A Different Kind of Remote Work

By , May 14, 2020
A Different Kind of Remote Work

If you’re not new to remote work, you know by now that remote work during this unique COVID-19 pandemic is much different than normal.  And, if you just started working remotely due to stay-home orders, you may love it or hate it – but you should know it’s different than it normally is.

At first glance, it may seem similar and still have its perks.  We all log in to our computers from the comfort of home, sans commute.  Communication is through email, chat, phone, or video.  Frequent breaks to the kitchen are welcomed and encouraged.  All while we continue to meet deadlines, complete projects, and move forward as a team.

But if you look closer, you’ll notice the general disposition of people who have been working remotely long-term, has shifted.  Productivity may not be what it once was.  And the glamor in remote work may be a little lackluster in comparison.  Here’s why:

Lack of Freedom

With the stay-home orders comes a sense of a lack of freedom.  While working remotely generally means one works from home, many individuals find they enjoy, and are more productive, working from a coffee shop, coworking office, or other public space.

Unfortunately, the social distancing orders and temporary closure of coffee shops and other public venues force everyone to work from home with little to no social contact or a sense of freedom.  The novelty of being able to work from wherever, whenever, is lost.  Thus diminishing a bit of the attraction of remote work.

Work-Life Imbalance

In traditional remote work situations, there is a clear balance of work vs. personal life.  It was clear when the workday typically started and ended.  The ability to go out to coffee shops, bars, travel, and see friends and colleagues in the real world, has paused.  Those lines are now blurred by staying at home most of the time (if not all of the time).  We casually move from work to binging Netflix, to sleep and work again, all within the same shared space.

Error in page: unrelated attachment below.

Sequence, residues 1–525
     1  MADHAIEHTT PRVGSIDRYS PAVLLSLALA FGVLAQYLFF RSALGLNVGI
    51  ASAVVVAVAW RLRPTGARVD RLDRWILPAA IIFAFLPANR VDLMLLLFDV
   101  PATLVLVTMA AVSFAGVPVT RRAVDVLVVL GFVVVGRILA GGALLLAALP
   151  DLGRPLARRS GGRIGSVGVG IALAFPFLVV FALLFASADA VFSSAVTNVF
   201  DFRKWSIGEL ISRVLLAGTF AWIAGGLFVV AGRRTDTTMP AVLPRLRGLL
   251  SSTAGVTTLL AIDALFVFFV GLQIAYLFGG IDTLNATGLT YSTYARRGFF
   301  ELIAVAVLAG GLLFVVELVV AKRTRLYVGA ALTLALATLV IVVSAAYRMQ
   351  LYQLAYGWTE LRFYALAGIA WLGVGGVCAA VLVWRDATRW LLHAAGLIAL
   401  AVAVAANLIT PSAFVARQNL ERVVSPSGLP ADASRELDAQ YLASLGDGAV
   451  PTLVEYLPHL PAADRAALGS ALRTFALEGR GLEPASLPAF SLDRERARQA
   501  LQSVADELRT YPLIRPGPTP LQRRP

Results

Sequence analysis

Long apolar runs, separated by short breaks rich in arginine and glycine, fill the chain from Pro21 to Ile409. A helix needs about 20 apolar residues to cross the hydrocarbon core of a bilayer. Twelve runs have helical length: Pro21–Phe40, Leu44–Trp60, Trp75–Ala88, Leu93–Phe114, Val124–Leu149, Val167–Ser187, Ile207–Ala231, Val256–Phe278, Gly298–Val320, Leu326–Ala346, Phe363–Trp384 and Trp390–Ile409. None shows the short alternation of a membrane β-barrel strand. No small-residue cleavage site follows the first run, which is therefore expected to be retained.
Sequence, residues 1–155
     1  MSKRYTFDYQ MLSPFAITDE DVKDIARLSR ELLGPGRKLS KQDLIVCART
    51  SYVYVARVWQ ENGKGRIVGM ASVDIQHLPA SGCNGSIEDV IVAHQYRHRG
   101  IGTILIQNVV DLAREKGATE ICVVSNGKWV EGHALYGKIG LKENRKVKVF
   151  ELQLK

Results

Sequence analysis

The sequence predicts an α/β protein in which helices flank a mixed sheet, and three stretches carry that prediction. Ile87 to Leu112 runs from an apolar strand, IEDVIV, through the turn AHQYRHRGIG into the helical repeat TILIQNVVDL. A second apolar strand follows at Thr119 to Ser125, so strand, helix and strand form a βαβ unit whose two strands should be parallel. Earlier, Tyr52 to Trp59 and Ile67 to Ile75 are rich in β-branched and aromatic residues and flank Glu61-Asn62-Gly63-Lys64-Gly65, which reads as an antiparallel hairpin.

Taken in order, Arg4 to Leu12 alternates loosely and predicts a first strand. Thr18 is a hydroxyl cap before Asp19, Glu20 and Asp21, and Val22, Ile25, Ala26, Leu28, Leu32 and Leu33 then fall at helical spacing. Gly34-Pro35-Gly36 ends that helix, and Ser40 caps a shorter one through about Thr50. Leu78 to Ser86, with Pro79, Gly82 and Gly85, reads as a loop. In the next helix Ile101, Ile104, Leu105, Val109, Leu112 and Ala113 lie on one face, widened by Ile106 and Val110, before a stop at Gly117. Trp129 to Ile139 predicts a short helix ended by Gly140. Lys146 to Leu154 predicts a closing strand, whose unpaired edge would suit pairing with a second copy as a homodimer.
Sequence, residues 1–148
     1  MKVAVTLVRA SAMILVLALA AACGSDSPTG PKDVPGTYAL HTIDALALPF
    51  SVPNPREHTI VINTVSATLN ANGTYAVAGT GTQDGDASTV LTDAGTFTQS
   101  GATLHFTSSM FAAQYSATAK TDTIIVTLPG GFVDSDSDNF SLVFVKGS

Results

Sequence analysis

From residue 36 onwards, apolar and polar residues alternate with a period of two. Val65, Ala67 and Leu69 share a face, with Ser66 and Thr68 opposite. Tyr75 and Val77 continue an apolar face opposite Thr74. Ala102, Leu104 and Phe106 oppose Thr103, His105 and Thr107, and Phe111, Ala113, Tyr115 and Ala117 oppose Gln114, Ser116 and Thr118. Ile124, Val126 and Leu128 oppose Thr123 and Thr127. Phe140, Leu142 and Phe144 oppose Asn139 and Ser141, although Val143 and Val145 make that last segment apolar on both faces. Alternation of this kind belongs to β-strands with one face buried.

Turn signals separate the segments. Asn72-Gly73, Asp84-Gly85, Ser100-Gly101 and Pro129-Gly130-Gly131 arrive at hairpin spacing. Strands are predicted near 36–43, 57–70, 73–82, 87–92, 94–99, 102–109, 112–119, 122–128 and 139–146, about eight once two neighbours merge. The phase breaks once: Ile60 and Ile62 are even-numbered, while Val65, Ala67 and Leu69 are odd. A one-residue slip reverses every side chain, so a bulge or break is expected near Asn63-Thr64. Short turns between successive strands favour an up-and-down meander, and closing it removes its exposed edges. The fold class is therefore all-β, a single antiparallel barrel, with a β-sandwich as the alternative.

Diminished Social Life

As humans, we are social creatures.  We crave attention, praise, feedback, laughter, insight, compassion, and generally someone to hear and understand us.  Our outlets typically consist of our social group, whether it’s meeting one on one or together, for social interaction and physical contact.  Social distancing regulations not only impact our day-to-day life but affect us on a deeper level, depleting our mental health balance.

This, in turn, impacts our work, as mental health is crucial to productivity and a healthy workplace no matter where you are.  While with today’s technology we are privileged enough to have text, phone, and video contact with our loved ones; nothing can truly replace in-person contact.

Missing Focus

For many of us, the current global situation and restrictions have really shaken us to our core.  Our sense of “normal” is lacking.  The things which gave us comfort in the past, and pushed us to seek out remote work in the first place, such as social life and a sense of freedom, have been stripped from us.  Trips and vacations have been canceled.  There is a true crisis in parts of the world.  Feelings around what we have no control over and must watch from afar can be distressing.  And for some of us, this pandemic has touched our lives on a more personal level through our loved ones.

There’s a sense of permanence with this situation.  Without a clear end-date, it’s unknown as to when it will be safe to return to a sense of “normalcy” again.  This can be extremely distracting from work, and even leave some feeling overwhelmed, tired, and even depressed.  It’s so important during this time to take care of ourselves on a personal level.  Through this, we can function better as a whole through work and other daily activities.

Muted Inspiration

The last highlight we are going to share is a general sense of feeling uninspired.  This is especially true for writers, content generators, graphic designers, artists, etc.  Not only can there be a lack of motivation due to missing focus, as mentioned above, but for many of us, we are unsure how to navigate such new territory.  On one hand, there’s work to be done, deadlines to meet, projects to complete, clients and audiences waiting for our next move.  But on the other hand, we can’t simply ignore the current situation and trek on as usual without addressing the elephant in the room.

For many of us, what once inspired our work and perpetuated the motivation behind it, is now missing due to global and social restrictions.  The lack of nature, travel, social contact, daily routine, and other inspiring activities and sights, certainly has had an impact on the average remote worker.


We encourage everyone experiencing some, or all, of these effects of the pandemic while working remotely, to focus on self-care.  It’s important to take care of yourself first and foremost.  Finding a routine that works best for you around your work schedule can be extremely helpful.  Finding ways to stay social, within social-distancing guidelines, is essential.

Know that this is temporary.  There will be an end to this situation, even if it’s not in sight currently.

The current situation is grief for all of us.  And while it feels heavy to carry alone, the great thing is that we are never truly alone – no matter where you are in the world.  Especially now, we are in this together.